When the question of what will define 2017 comes up, the response most often includes words like “Trump” and “populism” and “division” and “anger.” “Green” — not so much. Yet if you believe the team at the Pantone Color Institute, which calls itself the “global color authority,” green will be everywhere in 2017. Not just any old green, of course: Pantone 15-0343, colloquially known as greenery, which is to say a “yellow-green shade that evokes the first days of spring.” Green with envy.
Today, Chick-fil-A has launched a redesigned website with feature stories, recipes, GIFs, videos and other content as it tries to strengthen their connection with fans. The menu is now programmed to show the proper items for the time of day whenever someone logs on. So if it is before 10:30 a.m., the viewer will see the breakfast menu, while later in the afternoon they could be tempted by treats such as ice cream, cookies and milkshakes. What will they show on Sundays?
Like many publishers, The Financial Times used to treat its error page as an afterthought. Readers would land on when an article couldn’t be found. It was polite and had utilitarian value, but was drab and lacked personality. Last year, however, the British newspaper rolled out a new 404 page that espouses a clever list of economic theories why the page wasn’t found. The page is a result of a new unit: FT Labs. Labs is charged with tackling projects big and small that don’t fit into the normal development processes. A team for the big ideas.
Brands are moving beyond flat, motionless symbols for their corporate identities toward dynamic, ever-changing entities known as "living logos." In some ways, the concept of a living logo isn’t unique to the digital age. In the 1980s, televised MTV promos featured a logo in which the "M" was constantly changing colors. This was the first time a logo went from being static to animated. More than a mark.
Think of the dusty pinks and faded blues in ads for popular products like the underwear brand Thinx, or the makeup company Glossier. Soft gradients have seeped into trendy web design. Then, earlier this year, Pantone broke with tradition to name not one but two shades for its color of the year. Rose Quartz and Serenity, apparently selected to speak to a more gender-fluid world, also served to solidify the trending pastel palette. If pastels weren't dominating consumer products before, they definitely are now. So why are all these pale tones coming on so strong? To predict the future of color, look back at the past.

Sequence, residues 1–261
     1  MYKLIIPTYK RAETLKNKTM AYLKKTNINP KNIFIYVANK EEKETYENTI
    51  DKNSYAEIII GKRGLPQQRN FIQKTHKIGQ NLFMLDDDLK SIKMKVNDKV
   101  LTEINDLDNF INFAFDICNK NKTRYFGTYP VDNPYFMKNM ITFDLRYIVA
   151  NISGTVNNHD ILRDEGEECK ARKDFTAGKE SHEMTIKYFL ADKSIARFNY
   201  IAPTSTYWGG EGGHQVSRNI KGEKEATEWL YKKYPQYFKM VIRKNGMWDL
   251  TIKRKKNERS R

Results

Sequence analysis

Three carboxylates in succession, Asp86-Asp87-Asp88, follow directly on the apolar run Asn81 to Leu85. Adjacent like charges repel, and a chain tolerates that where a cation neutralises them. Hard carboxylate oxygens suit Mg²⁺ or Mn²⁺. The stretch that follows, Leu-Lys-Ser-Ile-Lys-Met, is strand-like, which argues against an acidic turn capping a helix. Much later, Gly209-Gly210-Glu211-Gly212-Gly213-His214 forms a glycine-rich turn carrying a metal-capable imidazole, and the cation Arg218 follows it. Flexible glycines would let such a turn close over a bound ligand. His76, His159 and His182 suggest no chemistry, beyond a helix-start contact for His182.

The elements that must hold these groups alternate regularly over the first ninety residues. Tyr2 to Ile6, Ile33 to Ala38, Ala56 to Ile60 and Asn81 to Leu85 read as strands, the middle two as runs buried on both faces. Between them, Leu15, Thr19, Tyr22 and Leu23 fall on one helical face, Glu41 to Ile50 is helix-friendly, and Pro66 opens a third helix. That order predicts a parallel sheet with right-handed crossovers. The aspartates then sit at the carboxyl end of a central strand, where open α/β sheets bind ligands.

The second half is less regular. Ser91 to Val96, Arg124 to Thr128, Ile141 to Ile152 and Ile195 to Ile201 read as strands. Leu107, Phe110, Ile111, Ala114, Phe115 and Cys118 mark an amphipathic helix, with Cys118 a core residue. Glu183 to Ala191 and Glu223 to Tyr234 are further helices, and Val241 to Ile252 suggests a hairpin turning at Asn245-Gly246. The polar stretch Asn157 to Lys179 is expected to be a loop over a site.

For most news publishers, their audiences increasingly prefer visiting them on mobile devices. Forbes, which usually sees half its traffic coming to it this way in any given month, felt the problem firsthand. So six months ago, Chief Product Officer Lewis D’Vorkin decided to come up with a new way to present news for the mobile web – and the results are very promising. Forward with mobile.
Currently, good UX design focuses on obvious navigation, uncluttered content and knowledge of your audience. But as technology advances, so does UX and UI. Ten technology experts from Forbes Technology Council offer their insights on how these current best practices will change in the next few years, and what companies can do to prepare for the shift. Start making and playing today.
Websites - like any digital platform, it seems - so often become "kitchen sinks" of features, content, and information during design and in-market operation. What do customers actually want from business websites? What drives shopping or retail traffic behavior? Here's a nice data set from a survey of 800 customers, across various demographics, asking customers what they REALLY want on a website, and what information will affect their behavior. If satisfaction, or happiness, for that matter, can be calculated as "Experience in Reality, Divided by Your Expectations", here's some helpful information, from the mouths of customers, about what people want from a local business website - in a world where just about every business is local at some point. "Gender vs. Age: what different consumer groups REALLY want from a local business website"
The kind folks at Baymard Institute have conducted some year-long, large-scale usability studies of e-commerce websites. Their very helpful piece on Smashing Magazine shares the results of tests on mobile and desktop e-commerce shopping behaviors. If you're wondering whether your e-commerce site should be organized into pages or infinitely scroll, here's a nice resource for you. "Infinite Scrolling, Pagination Or “Load More” Buttons?"
Microsoft announced Internet Explorer 8, 9, and 10 has reached its “end of life” and that they will no longer support them with security updates or any other kind of patches. Even Internet Explorer 11 is a legacy product, and Microsoft is trying to move customers to use Windows 10 and Microsoft Edge. But this is great news for developers who often still need to target older browsers. There is good in this goodbye.